1 Corinthians 15:1–2 (LEB)

1 Now I make known to you, brothers, the gospel which I proclaimed to you, which you have also received, in which you also stand,

2 by which you are also being saved, if you hold fast to the message I proclaimed to you, unless you believed to no purpose.

To many people, this passage seems to show God gives salvation, so that He can take it away afterwards. A simple reading implies the fact that the Gospel saved us but does not continue to save us unless we hold fast to it. Some use this passage to say believers can lose their salvation. Others say that it shows that those who are considered believers prove to be false because they did not stick with the Gospel. Neither of these views satisfies the details of the text in its context. Though some in the Corinthian church were beginning to deny the resurrection of Christ, it is very clear from the passage that the apostle Paul is sure about their position: they had “received” and “believed” the Gospel he had preached to them (the past tenses denote a completed action) and they now “stand” in that Gospel (the present perfect tense indicates a past action with continuing results in the present). There is no question that Paul’s letter addresses the Corinthians as genuine believers. However, the statement “you are being saved” in the present tense clearly depends on the condition “if you hold fast that Word,” referring to the Gospel. Does this mean the readers can lose their salvation or prove they were never genuinely saved if they do not “hold fast”?

The view that Paul is telling the readers that they can lose or disprove their salvation comes from rigidly defining the expression “you are being saved” as an escape from hell. As we have seen before, the basic definition of “saved” is delivered or preserved and is used in the Bible for deliverance from several things like: negative emotions, sinful thoughts, depression, anxiety, sickness, poverty, death, enemies, danger, sin. This requires us to ask ourselves, “Delivered from what?” As the letter to the Corinthians shows, these believers had many sin issues from which they needed to be free. Which parts of ourselves are in the process of being saved? The human spirit is saved instantly and for eternity at the time of the new birth, while the soul and body are being saved here on earth by the continuous renewal of the mind with the Word of God. The sequence of thought is essential: Paul preached the Gospel, the Corinthians received it and now stand in it. What’s left for them is to experience that salvation in an ongoing sense, thus Paul uses the present tense “you are [being] saved.” If Paul had been speaking of hell, he would have perhaps expressed himself in a much more natural and normal way about their final salvation, using the future tense: “you will be saved.”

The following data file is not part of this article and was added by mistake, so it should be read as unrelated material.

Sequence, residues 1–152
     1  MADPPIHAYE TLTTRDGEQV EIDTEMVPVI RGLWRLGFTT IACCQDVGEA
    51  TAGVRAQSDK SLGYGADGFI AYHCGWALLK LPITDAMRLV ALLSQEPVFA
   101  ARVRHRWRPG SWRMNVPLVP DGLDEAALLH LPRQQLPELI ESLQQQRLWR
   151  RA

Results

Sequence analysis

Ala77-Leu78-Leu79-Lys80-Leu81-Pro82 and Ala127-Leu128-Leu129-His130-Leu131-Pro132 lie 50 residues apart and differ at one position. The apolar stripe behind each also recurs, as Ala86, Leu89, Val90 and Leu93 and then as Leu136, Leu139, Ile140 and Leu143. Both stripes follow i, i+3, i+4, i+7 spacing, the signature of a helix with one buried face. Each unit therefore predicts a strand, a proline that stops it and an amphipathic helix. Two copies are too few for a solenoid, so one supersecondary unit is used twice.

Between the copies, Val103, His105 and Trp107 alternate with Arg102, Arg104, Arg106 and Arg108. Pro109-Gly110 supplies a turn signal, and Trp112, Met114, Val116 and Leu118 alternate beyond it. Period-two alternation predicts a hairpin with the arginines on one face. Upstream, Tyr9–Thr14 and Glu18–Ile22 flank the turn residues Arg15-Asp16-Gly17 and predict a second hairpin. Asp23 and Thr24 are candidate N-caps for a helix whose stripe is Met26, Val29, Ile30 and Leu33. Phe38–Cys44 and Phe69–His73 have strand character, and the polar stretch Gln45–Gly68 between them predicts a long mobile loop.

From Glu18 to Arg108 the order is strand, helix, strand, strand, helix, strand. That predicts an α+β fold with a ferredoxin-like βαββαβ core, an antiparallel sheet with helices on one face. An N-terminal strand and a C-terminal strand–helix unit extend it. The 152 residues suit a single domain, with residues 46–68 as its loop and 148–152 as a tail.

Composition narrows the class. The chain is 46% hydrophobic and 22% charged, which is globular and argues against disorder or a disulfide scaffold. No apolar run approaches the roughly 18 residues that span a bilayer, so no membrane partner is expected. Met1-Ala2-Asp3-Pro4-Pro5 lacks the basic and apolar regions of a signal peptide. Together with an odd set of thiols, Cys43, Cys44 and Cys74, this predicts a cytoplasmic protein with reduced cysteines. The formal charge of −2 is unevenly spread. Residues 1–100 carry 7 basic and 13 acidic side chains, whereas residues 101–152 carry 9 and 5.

Ongoing deliverance from sin and its effects on the believer’s life has a condition: one must “hold fast” to the Gospel repeatedly and consistently. This is not an assumed accomplishment or a hypothetical condition but a real one. Paul says the Corinthians must continue to follow the truth they learned from the Gospel to experience its saving effects in all the areas of their lives. This is not a condition of eternal salvation from hell but a real condition of deliverance from sinful habits, sickness, and poverty here on earth. It is, therefore, possible for believers not to hold fast to the Word of God in certain areas or periods of time. The New Testament shows how believers not always persevere or hold fast to the truth (1 Timothy 5:14–15; 6:20–21; 2 Timothy 1:5; 2:17–18, 24–26; 4:9–10, 14–16). Take for example the subject of healing from diseases. From the moment we hear the Gospel on healing, namely that Jesus has already paid in full for the healing of every disease, we must keep the conviction of this truth, always strong in our heart, by constant meditation on it, that we may be cured of any disease that attacks us and in the shortest possible time.

The word “saved,” then, is being used to describe the experience of living out the truths of the Gospel, which flow from the death and resurrection of Jesus Christ. These are not only the basis of one’s salvation from hell, but it is also the basis of one’s identity and living as a Christian. In Romans 6:2–5, Paul teaches that believers’ union with Christ is the basis for a life of victory over sin. As He died and rose, so also those who are in Him have died to sin and have been raised with Christ to walk in a new life.

 

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Session 10 – Continuing in Faith (Saved for Eternity) – June 5th, 2024

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